A bipartisan bill directed at enhancing cybersecurity on internet-connected devices bought by the United States government cleared another hurdle in Congress June 19, passing through the Senate Homeland Security and Governmental Affairs Committee.
The bill, titled the “Internet of Things (IoT) Cybersecurity Improvement Act of 2019,” directs the National Institute of Standards and Technology to develop minimum security standards for federal IoT devices.
“While I’m excited about their life-changing potential, many IoT devices are being sold without appropriate safeguards and protections in place, with the device market prioritizing convenience and price over security,” said Sen. Mark Warner, D-Va., in a statement.
Under the legislation, NIST would have to issue recommendations regarding secure development, patching, identity management and configuration of internet-connected devices. If the standards becomes law, the Office of Management and Budget will be required to issue guidelines to agencies that follow the NIST recommendations.
“The internet of things landscape continues to expand, with most experts expecting tens of billions of devices to be operating on our networks within the next several years,” said Sen. Cory Gardner, R-Colo. “As these devices continue to transform our society and add countless new entry points into our networks, we need to make sure they are secure, particularly when they are integrated into the federal government’s networks.”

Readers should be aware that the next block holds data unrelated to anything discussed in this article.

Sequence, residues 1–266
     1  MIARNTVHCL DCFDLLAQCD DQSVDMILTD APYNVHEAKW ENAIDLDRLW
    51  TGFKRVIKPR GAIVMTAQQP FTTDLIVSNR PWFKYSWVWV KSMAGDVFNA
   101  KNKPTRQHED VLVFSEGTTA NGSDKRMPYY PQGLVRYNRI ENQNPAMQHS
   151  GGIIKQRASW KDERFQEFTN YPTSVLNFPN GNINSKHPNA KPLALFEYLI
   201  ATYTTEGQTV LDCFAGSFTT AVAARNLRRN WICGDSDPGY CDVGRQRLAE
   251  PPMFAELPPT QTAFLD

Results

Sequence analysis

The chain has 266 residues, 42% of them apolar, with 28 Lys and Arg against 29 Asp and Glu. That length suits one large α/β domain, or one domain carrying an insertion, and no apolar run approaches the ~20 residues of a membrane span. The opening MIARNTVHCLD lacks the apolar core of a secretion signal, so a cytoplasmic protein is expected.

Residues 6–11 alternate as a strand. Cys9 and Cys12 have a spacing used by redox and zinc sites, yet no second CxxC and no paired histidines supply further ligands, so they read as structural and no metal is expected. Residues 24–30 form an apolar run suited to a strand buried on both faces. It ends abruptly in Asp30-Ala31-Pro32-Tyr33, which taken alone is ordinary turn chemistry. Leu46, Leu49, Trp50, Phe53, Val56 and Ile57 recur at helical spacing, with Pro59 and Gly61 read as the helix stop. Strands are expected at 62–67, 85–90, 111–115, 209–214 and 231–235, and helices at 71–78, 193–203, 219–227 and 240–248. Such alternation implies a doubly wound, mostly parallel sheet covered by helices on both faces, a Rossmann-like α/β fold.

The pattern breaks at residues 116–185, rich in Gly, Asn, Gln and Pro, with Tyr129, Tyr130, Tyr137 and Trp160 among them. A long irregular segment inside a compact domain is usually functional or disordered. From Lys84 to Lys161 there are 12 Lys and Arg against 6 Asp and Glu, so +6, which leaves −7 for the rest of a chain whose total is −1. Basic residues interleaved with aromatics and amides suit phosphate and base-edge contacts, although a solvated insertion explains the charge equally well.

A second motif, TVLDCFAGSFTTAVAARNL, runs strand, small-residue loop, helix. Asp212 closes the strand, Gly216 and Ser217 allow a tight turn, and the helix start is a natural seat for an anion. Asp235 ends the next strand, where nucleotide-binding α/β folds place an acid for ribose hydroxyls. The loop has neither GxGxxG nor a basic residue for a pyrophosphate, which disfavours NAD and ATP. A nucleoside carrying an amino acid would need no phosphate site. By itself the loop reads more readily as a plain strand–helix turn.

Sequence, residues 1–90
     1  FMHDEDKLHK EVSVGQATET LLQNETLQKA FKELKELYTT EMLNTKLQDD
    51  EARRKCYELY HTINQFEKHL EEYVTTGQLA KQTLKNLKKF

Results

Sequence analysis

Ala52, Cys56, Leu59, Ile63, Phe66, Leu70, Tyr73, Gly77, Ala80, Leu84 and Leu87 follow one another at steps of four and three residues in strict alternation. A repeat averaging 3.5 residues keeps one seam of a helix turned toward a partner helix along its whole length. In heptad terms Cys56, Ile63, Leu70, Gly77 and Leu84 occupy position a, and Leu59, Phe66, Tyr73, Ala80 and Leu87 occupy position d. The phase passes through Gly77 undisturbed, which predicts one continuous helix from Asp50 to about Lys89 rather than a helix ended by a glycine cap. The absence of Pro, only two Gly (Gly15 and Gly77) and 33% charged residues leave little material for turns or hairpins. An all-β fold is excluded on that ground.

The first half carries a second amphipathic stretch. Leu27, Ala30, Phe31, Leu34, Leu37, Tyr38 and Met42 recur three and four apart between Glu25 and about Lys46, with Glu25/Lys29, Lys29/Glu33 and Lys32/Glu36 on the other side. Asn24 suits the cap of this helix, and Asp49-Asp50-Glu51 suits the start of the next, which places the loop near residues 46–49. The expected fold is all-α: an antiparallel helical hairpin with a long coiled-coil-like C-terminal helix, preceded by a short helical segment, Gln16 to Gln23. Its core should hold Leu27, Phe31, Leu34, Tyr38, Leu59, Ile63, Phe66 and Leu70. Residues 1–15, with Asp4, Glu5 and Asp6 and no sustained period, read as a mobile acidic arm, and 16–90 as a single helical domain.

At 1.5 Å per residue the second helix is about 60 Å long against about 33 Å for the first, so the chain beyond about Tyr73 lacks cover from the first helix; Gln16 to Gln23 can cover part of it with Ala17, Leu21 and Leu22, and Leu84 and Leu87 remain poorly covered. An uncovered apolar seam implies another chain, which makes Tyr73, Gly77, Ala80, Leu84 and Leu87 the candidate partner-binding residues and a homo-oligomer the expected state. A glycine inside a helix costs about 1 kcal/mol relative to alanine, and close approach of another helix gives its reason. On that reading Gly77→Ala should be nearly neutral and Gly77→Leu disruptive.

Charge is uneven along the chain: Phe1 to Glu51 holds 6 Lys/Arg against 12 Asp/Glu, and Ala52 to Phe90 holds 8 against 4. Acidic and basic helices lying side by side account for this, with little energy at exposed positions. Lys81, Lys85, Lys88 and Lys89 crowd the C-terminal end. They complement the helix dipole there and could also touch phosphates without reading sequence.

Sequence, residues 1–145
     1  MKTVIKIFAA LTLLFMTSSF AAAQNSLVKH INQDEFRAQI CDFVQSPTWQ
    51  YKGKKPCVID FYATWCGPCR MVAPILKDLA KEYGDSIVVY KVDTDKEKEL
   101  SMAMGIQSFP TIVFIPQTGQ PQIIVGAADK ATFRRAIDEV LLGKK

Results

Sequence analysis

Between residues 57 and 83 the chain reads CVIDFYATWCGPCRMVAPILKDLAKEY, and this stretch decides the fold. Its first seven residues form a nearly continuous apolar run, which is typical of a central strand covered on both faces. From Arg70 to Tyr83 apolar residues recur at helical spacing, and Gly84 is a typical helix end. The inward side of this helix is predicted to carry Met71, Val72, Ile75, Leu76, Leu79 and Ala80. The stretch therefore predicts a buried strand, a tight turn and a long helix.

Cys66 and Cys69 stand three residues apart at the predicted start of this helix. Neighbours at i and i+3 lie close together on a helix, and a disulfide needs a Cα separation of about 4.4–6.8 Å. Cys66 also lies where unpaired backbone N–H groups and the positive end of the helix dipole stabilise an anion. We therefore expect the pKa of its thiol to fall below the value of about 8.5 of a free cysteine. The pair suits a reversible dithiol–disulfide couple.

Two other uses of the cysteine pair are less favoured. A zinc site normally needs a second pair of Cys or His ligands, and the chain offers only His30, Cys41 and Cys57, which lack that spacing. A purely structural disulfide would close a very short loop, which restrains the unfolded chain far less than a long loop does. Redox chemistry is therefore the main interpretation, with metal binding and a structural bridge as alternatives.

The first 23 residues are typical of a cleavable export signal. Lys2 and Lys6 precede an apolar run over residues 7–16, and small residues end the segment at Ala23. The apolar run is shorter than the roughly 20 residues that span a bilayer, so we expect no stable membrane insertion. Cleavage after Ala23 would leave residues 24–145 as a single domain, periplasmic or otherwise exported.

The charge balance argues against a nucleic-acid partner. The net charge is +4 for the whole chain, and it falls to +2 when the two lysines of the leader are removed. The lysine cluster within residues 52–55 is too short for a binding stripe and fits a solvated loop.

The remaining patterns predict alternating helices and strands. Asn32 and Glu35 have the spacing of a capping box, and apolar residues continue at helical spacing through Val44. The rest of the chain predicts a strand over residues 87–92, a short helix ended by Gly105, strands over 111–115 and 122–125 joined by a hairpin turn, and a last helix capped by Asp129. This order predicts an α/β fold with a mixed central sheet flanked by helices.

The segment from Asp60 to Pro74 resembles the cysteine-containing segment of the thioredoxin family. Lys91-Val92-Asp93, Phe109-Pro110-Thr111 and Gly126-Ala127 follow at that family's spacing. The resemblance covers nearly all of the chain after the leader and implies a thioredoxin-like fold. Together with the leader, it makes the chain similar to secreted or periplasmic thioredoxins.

A growing number of IoT devices has prompted security concerns in the federal government because more devices connected to the internet gives hackers more potential points of entry. And if the device is connected to a wider network, the hacker can gain access to an agency’s sensitive data. A companion bill in the House of Representatives — sponsored by Reps. Robin Kelly, D-Ill., and Will Hurd, R-Texas — passed through the House Committee on Oversight and Reform June 12.
“As technology changes and revolutionizes the delivery of services, the government is purchasing and using more and more Internet-connected devices. We have an obligation to prevent these devices from becoming a backdoor for hackers and tools for cybercriminals," said Kelly in a statement June 14.
Both bills now await a floor vote.
Andrew Eversden covers all things defense technology for C4ISRNET. He previously reported on federal IT and cybersecurity for Federal Times and Fifth Domain, and worked as a congressional reporting fellow for the Texas Tribune. He was also a Washington intern for the Durango Herald. Andrew is a graduate of American University.